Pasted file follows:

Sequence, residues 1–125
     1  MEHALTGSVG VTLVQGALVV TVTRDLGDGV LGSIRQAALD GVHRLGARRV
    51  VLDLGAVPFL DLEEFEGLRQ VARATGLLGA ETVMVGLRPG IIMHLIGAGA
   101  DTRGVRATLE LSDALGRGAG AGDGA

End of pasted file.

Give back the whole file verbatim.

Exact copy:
Sequence, residues 1–125
     1  MEHALTGSVG VTLVQGALVV TVTRDLGDGV LGSIRQAALD GVHRLGARRV
    51  VLDLGAVPFL DLEEFEGLRQ VARATGLLGA ETVMVGLRPG IIMHLIGAGA
   101  DTRGVRATLE LSDALGRGAG AGDGA